The SOMM Journal

June / July 2018

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Page 51 of 132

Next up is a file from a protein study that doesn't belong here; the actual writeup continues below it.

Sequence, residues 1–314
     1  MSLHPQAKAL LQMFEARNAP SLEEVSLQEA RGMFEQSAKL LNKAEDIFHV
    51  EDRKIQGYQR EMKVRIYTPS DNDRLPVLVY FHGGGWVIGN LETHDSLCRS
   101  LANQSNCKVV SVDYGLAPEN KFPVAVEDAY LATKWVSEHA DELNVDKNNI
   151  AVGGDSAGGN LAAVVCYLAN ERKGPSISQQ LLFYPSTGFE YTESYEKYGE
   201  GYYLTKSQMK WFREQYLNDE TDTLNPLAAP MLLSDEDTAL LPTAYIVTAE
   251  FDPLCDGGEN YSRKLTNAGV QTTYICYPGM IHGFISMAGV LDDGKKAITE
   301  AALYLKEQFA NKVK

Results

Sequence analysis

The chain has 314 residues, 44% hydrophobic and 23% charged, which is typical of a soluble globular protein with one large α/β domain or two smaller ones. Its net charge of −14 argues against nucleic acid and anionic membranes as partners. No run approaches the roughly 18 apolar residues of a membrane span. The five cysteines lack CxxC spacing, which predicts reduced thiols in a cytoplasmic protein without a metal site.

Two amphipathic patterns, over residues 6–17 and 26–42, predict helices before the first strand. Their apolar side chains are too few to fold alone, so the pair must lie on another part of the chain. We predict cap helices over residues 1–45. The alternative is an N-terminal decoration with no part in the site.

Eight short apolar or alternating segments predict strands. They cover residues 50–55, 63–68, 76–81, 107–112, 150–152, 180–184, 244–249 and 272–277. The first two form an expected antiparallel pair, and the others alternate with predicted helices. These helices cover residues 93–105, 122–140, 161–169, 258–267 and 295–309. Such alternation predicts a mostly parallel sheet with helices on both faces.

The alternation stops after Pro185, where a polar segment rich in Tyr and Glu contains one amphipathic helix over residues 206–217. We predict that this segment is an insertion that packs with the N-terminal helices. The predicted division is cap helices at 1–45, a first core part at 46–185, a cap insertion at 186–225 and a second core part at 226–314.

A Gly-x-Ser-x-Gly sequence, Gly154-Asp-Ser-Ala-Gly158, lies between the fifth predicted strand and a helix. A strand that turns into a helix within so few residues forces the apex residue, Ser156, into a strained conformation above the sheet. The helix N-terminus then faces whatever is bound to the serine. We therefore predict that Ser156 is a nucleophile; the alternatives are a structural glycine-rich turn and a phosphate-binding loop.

{ } 35 { scents & accountability } WHILE THE LEVEL of residual sugar plays a role in the finished style of a wine, the color of all wines—and the color of everything we see, for that matter—is determined by residual light. Any system - atic analysis of wine begins with a careful observation of color, as what we see is the result of light waves being reflected by compounds in the liquid. The plant pigments associated with flower and fruit coloration are known as flavonoids, with the most commonly known being the anthocyanins—derived from the Greek words for flower and blue, anthos and kyanos. These water-soluble pigments found in leaves, stems, roots, flowers, and fruits show us red, purple, or blue hues depending on their pH levels. The wide variety of colors found in wine and the evolution of color over time as wine ages is captivating, but the wine style with the most variety of color is undoubtedly rosé. Some of the best ex - amples of the differences between lighter and darker rosés can be found in southern France, where Provençal rosés made from Grenache blends range from yellow and pale pink to salmon. Its neighboring region Bandol in the Rhône Valley, meanwhile, produces deeper ruby wines from dark- hued varieties like Mourvèdre. A rosé wine's color can provide some clues as to how it was made, but it's the winemaker's intention—and, in some cases, adjustments prior to bottling—that determine the final hue. Less pigment typi - cally means less time in contact with the skins, while darker colors point to longer maceration times and higher levels of alcohol in the finished wine. For example, medium-hued Tempranillo rosés from Rioja routinely clock in at 14% ABV or greater, but the pale beauties of Provence tend to hover around 12% ABV. "The color and luminous clarity of the wine captures your attention for a few seconds—just long enough to pause and appreciate its beauty," says Winemaker Anthony Beckman of Balletto Vineyards in Santa Rosa, California. Beckman produces a sparkling rosé of Pinot Noir and Char - donnay with an ethereal coral tint. Researchers have made a few important discoveries about the effects color has on moods, feelings, and behaviors, indicating that some seem to carry universal mean - ing. In the case of rosé, shades of pale pink are described as relaxing, while very bright, vibrant shades can be stimulating or even aggravating. According to studies from the Provence Wine Council (CIVP), consum - ers in the U.S., Russia, and Australia appear to have shed the gender stereotyping associated with the color pink, as equal numbers of male and female consumers are enjoying the residual light of rosé. Tapping into Residual Light DECONSTRUCTING THE COLOR GRADATION OF ROSÉ by Deborah Parker Wong PHOTO COURTESY OF PLPROD VIA ADOBE STOCK

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